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Greywood with Charlie

A glorious break, unexpectedly in a beautiful place, surrounded by trees with stories of their pasts, of old pathways trod by people to and fro. I am here with Charlie – our gift to each other – post christmas, a time neither of us was particularly keen for, and now as the sap begins to rise for the new years growth.

Here’s a photo of Charlie in Liphook, where we started from. He is in front of a painting he bought from a Nepali restaurant, now closed. ‘There are 13 Yaks in the picture’, he tells me. I was given nourishing soup, and the dogs a bank of pigs ears, and the first red lead – which I know will become a souvenir of Liphook.

Here we are in the Cowshed, Greyswood.

The white gates opened, as the Air BNB instructions said they would and behold, we were in the grounds of a handsome Georgian home, flanked by two giant redwoods. Charlie took a photo of me exclaiming, ‘See, how you can prod their soft skin bark’. We met our host, Joanna, their two children and a dog (of course) and through Joanna, learned of the walk around their grounds, which we did that first day, before shopping in Waitrose (very well healed) and as dark came we settled into the evening. We talked, caught up, as I cooked warming orange food of roast pumpkin, sweet potato, and carrot. We talked of unlocking, and traffic lights, we meandered the time, gave the dogs a night walk, and slept.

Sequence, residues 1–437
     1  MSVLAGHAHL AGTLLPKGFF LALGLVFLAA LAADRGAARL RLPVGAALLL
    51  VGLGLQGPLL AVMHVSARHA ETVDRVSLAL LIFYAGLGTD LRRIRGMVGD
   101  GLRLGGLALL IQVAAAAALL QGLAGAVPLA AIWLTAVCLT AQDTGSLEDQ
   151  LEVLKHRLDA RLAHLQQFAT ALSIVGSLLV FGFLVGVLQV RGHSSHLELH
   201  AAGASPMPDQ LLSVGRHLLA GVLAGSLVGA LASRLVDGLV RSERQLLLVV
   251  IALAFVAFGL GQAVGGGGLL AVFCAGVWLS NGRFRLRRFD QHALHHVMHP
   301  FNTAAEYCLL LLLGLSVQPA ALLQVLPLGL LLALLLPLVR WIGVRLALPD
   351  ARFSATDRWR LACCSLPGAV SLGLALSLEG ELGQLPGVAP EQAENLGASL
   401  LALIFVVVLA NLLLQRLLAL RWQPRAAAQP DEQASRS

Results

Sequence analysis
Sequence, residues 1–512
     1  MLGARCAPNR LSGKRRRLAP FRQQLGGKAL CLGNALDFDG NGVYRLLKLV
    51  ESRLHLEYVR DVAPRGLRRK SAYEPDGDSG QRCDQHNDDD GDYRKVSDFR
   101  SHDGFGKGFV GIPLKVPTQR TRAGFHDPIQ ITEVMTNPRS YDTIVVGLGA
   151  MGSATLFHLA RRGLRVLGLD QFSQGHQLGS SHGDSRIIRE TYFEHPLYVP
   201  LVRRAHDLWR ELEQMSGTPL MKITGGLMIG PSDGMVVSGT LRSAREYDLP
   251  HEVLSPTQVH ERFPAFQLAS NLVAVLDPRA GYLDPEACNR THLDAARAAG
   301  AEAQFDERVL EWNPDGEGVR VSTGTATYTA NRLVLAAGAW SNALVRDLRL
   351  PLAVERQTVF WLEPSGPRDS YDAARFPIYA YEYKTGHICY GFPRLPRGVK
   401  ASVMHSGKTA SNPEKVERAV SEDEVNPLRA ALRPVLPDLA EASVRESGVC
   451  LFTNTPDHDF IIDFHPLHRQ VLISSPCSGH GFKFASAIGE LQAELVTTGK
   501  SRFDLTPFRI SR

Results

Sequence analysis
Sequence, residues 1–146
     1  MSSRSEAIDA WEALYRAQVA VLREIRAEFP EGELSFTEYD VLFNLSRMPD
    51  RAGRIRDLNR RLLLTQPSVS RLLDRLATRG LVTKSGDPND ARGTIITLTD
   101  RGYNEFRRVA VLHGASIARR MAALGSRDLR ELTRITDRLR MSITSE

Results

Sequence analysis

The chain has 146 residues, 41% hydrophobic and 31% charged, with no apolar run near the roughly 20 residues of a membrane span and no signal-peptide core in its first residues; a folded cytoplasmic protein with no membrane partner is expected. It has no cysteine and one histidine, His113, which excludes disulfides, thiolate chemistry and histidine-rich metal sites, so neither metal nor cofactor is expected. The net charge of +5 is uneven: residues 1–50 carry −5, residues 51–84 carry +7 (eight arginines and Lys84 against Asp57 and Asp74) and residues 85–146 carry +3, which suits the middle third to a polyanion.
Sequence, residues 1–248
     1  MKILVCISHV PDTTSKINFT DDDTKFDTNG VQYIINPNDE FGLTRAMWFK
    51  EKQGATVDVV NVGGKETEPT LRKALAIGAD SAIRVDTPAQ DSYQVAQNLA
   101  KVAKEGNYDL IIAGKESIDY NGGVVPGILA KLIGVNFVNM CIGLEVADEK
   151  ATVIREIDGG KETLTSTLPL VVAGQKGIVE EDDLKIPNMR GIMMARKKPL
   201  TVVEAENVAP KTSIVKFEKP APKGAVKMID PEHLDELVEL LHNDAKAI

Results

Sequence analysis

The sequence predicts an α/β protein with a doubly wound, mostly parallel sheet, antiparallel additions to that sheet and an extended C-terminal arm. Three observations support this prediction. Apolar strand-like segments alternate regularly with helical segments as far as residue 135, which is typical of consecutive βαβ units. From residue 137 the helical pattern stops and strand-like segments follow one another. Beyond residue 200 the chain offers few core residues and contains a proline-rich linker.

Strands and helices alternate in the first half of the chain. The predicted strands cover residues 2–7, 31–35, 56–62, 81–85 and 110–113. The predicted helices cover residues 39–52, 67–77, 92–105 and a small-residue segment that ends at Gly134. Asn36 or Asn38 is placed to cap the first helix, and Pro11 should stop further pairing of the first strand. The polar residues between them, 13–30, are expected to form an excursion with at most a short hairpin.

Tori arrived (with Gus, who was very excited to be in company) and we three people, 4 dogs walked to the Temple of the Wind, encountering the black and white belted cattle on the way. Naked beach and sweet chestnut, views across to a very woodland landscape. I am amazed how wooded this commuter belt is, the meeting of Surrey, Hampshire and Sussex. Certainly there are large houses, but so many woods, mainly beech, with old oak, and much working sweet chestnut coppice. The Temple of the winds felt like an ancient place, with old Yews.

Morning walk to All Saints Church, Greywood, which turned out to be an Arts and Crafts church built 1900, with a stain glass window I admired, and with intriguing graves, many army. One a Polish noblewoman and WW2 organiser, of Zofia Moss.

Checking out of our cosy cowshed, we returned to Liphook, and to find the walk to the hills that we saw from the Temple of the Winds, so join up the dots, which we did in so many ways. Charlie took me through the woods. Masses of moss, (feather and fern) comfortably clothing the lower trunks to the forest floor, and lots of hairy curtain crust and Dryads saddle fungi, breaking up the deadwood. He took me high, to the place of amazing coppice – which I realised was not ash but Sweet Chestnut, being made into pailings and fence posts, as we walked. It was an old coppice, and such pleasure to see it being rotated still. Indeed all around Liphook village were the fruits. We came out into Lynchmere church and village, and I heard from Charlie, that it was here that Tori and Jeremy found a home they fell in love with but bought a place off Portsmouth Avenue which they called Lynchmere, the place and name I knew, but not its origins until today. Fabulous old pollarded oaks, 6 of them, on the way outside of the village.